The Elites in Washington, DC are Thriving

Every so often, I share an image that is unambiguously depressing. Usually, because it suggests that freedom is slowly eroding.

I now have another addition to that depressing list.

Just as the Minneapolis Federal Reserve has an interactive website that allows users to compare recoveries and recessions, which is very useful for comparing Reaganomics and Obamanomics, the St. Louis Federal Reserve has an interactive website that allows users to compare national and regional economic data.

And that’s the source of today’s depressing chart. It shows median inflation-adjusted household income for the entire nation and for the District of Columbia. As you can see, the nation’s capital used to be somewhat similar to the rest of the nation. But over the past 10 years, DC residents have become an economic elite, with a representative household “earning” almost $14,000 more than the national average.

By the way, I put quotation marks around “earning” in the previous sentence for a very specific reason.

There is nothing wrong with some people accumulating lots of wealth and income if their prosperity is the result of voluntary exchange.

It’s increasingly just a racket for insiders to get rich at the expense of everyone else.In the case of Washington, DC, however, much of the capital’s prosperity is the result of coercive redistribution. The lavish compensation of federal bureaucrats is a direct transfer from taxpayers to a gilded class, while the various lobbyists, contractors, cronyists, politicians and other insiders are fat and happy because of a combination of direct and indirect redistribution.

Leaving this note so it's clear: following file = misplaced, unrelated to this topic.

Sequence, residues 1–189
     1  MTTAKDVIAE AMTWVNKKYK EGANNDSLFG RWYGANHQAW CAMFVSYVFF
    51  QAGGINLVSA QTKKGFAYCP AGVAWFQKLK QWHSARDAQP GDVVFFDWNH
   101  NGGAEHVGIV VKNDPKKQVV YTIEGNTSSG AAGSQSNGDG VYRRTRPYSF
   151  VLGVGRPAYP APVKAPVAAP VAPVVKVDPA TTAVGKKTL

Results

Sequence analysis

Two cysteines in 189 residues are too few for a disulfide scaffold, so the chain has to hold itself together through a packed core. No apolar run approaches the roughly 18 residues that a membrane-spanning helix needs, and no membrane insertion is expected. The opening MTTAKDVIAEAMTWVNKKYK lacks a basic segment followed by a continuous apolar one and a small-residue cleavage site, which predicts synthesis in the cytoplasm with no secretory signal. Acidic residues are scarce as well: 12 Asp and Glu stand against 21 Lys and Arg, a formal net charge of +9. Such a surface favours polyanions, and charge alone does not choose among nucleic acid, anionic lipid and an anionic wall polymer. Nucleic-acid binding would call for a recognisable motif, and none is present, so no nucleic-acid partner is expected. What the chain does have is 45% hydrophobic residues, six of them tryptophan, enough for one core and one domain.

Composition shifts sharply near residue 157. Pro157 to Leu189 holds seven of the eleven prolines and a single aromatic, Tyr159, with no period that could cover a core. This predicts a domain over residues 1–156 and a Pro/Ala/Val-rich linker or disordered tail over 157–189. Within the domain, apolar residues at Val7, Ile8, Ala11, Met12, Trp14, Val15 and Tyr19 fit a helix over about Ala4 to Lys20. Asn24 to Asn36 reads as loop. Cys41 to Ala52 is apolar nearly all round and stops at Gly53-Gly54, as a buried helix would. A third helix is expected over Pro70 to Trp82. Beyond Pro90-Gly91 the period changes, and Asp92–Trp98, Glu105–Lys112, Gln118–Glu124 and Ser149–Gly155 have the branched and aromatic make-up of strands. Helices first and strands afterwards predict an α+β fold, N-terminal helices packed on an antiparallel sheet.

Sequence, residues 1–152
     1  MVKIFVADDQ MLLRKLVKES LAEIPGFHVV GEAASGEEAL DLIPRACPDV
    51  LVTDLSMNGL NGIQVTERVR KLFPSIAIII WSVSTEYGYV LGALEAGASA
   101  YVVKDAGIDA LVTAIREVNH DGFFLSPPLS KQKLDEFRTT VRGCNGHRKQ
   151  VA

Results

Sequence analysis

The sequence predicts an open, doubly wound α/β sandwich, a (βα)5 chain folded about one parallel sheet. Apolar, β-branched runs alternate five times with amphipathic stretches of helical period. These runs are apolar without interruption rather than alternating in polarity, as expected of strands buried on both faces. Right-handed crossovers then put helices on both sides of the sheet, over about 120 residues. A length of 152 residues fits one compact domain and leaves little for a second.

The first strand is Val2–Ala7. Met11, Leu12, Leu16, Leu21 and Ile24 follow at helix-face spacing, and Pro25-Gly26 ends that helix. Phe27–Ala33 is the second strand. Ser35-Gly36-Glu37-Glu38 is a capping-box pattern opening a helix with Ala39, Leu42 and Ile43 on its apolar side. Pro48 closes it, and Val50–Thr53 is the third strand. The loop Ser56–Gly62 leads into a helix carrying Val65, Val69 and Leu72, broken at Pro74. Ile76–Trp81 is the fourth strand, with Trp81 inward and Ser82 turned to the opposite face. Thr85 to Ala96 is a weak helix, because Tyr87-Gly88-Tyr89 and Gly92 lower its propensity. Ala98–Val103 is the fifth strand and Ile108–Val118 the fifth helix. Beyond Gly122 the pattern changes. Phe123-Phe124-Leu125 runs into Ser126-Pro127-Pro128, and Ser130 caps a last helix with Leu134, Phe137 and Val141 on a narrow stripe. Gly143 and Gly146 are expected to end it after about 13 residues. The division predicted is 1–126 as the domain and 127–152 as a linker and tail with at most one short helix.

I should also point out that the entire region is prospering at the expense of the rest of the nation.

By the way, some people will be tempted to argue that rising income levels in DC are simply a result of gentrification as higher-income whites displace lower-income blacks. Yes, that is happening, but that begs the question of where the new residents are getting all their income and why the nation’s capital is an increasingly attractive place for those people to live.

The answer, in large part, is that government is a growth industry. Except it’s not an industry. It’s increasingly just a racket for insiders to get rich at the expense of everyone else.

Daniel J. Mitchell


Daniel J. Mitchell

Daniel J. Mitchell is a senior fellow at the Cato Institute who specializes in fiscal policy, particularly tax reform, international tax competition, and the economic burden of government spending. He also serves on the editorial board of the Cayman Financial Review.

About Bobby Rodrigo

A long time legal professional, journalist, advocate, and activist, Bobby is part of We Do Better Relief, We Do Better, United Coalition of Cannabis Activists, Peachtree NORML, Human Solution International, Colorado NORML, Behind the Smoke, The Goodness Tour, We Do Better Coin, We Do Better CBD, Best Interests of the Child, Tax Revolution Institute Inc, American Bar Association, International Bar Association, National Association of Enrolled Agents, National Association of Criminal Defense Lawyers, Atlanta Food & Farm, Coffee Party USA, Director, Solutions Institute, People Against The N.D.A.A., Flint Garden City COOP LLC, American Constitution Society For Law and Policy, Capitol Area Muslim Bar Association and National Legal Aid Association. Holds Press Credentials from The Atlanta Press Club, Native American Journalists Association, Online News Association, Society of Professional Journalists, Radio Television Digital News Association, National Association of Hispanic Journalists, National Association of Black Journalists, and the National Press Photographers Association. Member, Produces and hosts his radio show I Take LIBERTY With My Coffee and also has written for many media outlets including The Fifth Column, and Anti-Media.